Viruses (2019) 11 (7 - 673)
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Catch me if you can! RNA silencing-based improvement of antiviral plant immunity
Viruses 11 (7 - 673)
Abstract: Viruses are obligate parasites which cause a range of severe plant diseases that affect farm productivity around the world, resulting in immense annual losses of yield. Therefore, control of viral pathogens continues to be an agronomic and scientific challenge requiring innovative and ground-breaking strategies to meet the demands of a growing world population. Over the last decade, RNA silencing has been employed to develop plants with an improved resistance to biotic stresses based on their function to provide protection from invasion by foreign nucleic acids, such as viruses. This natural phenomenon can be exploited to control agronomically relevant plant diseases. Recent evidence argues that this biotechnological method, called host-induced gene silencing, is effective against sucking insects, nematodes, and pathogenic fungi, as well as bacteria and viruses on their plant hosts. Here, we review recent studies which reveal the enormous potential that RNA-silencing strategies hold for providing an environmentally friendly mechanism to protect crop plants from viral diseases.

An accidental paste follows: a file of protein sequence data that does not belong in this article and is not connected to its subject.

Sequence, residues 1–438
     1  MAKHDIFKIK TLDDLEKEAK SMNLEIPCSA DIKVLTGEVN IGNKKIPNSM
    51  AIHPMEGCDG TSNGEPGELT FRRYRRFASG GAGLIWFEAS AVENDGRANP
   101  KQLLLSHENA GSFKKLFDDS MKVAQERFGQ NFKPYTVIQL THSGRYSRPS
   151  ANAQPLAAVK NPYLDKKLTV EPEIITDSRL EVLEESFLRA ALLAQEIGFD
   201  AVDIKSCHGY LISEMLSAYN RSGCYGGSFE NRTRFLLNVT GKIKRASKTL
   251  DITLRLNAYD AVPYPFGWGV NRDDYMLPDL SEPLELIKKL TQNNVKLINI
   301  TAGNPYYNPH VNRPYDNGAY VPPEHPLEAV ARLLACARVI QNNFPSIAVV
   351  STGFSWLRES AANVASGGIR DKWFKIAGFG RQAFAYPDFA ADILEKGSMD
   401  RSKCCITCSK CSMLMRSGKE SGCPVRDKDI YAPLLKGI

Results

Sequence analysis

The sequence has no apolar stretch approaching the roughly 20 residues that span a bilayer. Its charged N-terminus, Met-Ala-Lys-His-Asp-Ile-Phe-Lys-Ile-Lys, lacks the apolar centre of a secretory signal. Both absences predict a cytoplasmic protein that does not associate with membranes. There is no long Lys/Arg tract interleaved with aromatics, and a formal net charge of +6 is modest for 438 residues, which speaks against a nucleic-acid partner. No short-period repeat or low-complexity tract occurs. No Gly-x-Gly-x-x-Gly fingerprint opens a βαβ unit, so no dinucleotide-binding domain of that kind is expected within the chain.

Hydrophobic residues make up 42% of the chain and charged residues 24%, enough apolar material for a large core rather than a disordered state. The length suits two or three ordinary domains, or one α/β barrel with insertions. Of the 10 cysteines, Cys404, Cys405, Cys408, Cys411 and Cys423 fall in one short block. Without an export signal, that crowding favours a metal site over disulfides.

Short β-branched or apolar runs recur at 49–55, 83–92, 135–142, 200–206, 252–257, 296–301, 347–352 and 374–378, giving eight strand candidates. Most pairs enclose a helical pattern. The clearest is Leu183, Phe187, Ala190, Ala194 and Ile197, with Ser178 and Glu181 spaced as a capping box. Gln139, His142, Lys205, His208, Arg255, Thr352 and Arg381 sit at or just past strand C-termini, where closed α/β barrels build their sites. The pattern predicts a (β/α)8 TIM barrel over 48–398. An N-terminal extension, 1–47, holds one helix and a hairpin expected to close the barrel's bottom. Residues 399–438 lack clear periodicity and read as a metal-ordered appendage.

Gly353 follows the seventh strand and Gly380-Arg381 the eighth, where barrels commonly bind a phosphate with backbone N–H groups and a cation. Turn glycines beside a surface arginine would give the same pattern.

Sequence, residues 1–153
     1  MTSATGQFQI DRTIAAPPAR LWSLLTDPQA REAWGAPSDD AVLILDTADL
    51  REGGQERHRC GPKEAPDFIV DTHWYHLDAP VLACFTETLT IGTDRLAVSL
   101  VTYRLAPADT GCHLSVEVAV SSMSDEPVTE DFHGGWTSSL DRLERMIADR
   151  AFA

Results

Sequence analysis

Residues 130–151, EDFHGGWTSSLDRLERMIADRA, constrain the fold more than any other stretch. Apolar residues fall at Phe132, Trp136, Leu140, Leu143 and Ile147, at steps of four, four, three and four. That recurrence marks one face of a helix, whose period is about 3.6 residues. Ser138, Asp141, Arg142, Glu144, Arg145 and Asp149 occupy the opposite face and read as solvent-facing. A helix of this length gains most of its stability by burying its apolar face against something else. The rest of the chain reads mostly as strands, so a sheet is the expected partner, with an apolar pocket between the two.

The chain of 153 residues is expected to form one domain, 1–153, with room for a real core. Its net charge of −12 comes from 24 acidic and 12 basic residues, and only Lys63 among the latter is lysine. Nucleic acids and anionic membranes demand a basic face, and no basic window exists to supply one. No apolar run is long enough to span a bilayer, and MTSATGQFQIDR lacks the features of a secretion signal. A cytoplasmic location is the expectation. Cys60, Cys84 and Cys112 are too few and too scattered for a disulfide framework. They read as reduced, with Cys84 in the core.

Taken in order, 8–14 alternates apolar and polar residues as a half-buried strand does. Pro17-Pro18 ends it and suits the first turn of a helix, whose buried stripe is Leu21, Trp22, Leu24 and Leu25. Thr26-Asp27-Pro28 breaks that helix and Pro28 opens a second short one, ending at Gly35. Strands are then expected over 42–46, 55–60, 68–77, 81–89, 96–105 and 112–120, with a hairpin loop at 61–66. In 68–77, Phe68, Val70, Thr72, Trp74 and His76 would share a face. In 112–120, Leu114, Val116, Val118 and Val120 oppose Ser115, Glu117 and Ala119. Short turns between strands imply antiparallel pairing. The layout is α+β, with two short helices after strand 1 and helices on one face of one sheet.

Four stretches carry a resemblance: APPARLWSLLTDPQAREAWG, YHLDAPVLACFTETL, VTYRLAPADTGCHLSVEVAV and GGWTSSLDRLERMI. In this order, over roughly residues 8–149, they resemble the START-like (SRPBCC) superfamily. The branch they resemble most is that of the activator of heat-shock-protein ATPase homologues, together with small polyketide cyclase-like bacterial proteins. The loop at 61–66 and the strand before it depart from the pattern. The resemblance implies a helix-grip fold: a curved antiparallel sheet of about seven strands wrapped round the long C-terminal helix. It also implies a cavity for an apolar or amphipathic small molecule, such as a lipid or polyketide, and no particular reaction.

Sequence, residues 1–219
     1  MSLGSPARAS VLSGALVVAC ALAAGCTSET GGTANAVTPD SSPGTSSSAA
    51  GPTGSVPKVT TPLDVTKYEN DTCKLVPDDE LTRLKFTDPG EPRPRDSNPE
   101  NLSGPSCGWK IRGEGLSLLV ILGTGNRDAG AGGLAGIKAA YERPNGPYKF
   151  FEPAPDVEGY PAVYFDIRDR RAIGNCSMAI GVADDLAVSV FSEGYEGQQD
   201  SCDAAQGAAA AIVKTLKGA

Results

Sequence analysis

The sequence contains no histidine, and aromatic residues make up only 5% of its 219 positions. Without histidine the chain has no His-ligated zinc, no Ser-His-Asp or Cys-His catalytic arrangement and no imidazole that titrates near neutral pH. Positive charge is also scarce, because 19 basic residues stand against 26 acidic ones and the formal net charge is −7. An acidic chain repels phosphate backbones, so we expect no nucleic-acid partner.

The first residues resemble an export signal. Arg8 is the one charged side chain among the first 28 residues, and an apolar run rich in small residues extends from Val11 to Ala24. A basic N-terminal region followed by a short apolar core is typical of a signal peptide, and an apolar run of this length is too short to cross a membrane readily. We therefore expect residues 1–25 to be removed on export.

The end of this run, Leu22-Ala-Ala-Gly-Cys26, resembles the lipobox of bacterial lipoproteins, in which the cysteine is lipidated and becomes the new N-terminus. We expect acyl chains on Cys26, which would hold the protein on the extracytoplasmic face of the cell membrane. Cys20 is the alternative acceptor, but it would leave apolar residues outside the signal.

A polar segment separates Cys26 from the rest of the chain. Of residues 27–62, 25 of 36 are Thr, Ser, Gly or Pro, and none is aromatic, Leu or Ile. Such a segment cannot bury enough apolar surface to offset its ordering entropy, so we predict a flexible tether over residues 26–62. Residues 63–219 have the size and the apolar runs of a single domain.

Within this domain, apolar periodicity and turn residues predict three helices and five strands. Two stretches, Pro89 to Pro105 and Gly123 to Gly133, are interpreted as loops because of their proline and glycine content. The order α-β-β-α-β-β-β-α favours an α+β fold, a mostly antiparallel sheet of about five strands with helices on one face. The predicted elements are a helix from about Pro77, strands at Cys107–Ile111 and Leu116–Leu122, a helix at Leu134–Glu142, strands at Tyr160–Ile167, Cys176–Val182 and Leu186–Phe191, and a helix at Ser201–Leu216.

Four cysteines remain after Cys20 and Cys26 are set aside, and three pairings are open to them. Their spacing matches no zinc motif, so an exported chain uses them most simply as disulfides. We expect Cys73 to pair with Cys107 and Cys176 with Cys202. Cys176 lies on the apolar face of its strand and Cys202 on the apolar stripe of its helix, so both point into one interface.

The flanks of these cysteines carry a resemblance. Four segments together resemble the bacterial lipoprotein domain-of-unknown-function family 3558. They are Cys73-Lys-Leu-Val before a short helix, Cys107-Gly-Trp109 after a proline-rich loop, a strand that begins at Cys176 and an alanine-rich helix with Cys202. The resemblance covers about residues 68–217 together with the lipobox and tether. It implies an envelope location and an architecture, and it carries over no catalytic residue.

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Research topic(s) for pests/diseases/weeds:
resistance/tolerance/defence of host